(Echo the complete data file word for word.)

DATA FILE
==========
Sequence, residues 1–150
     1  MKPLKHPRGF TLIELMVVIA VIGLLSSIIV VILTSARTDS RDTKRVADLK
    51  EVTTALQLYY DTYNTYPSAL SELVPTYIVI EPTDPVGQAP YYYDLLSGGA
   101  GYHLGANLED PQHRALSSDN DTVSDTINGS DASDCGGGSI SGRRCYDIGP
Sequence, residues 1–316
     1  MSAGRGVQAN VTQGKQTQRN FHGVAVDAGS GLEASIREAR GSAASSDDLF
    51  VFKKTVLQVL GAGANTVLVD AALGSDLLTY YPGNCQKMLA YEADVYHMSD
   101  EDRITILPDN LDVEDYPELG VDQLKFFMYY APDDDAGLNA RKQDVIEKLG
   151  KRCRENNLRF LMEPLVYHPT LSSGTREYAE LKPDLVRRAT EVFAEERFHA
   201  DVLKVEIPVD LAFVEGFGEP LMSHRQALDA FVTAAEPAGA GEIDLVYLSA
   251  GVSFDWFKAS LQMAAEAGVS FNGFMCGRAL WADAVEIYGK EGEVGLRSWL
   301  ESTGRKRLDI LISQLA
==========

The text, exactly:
Sequence, residues 1–150
     1  MKPLKHPRGF TLIELMVVIA VIGLLSSIIV VILTSARTDS RDTKRVADLK
    51  EVTTALQLYY DTYNTYPSAL SELVPTYIVI EPTDPVGQAP YYYDLLSGGA
   101  GYHLGANLED PQHRALSSDN DTVSDTINGS DASDCGGGSI SGRRCYDIGP
Sequence, residues 1–316
     1  MSAGRGVQAN VTQGKQTQRN FHGVAVDAGS GLEASIREAR GSAASSDDLF
    51  VFKKTVLQVL GAGANTVLVD AALGSDLLTY YPGNCQKMLA YEADVYHMSD
   101  EDRITILPDN LDVEDYPELG VDQLKFFMYY APDDDAGLNA RKQDVIEKLG
   151  KRCRENNLRF LMEPLVYHPT LSSGTREYAE LKPDLVRRAT EVFAEERFHA
   201  DVLKVEIPVD LAFVEGFGEP LMSHRQALDA FVTAAEPAGA GEIDLVYLSA
   251  GVSFDWFKAS LQMAAEAGVS FNGFMCGRAL WADAVEIYGK EGEVGLRSWL
   301  ESTGRKRLDI LISQLA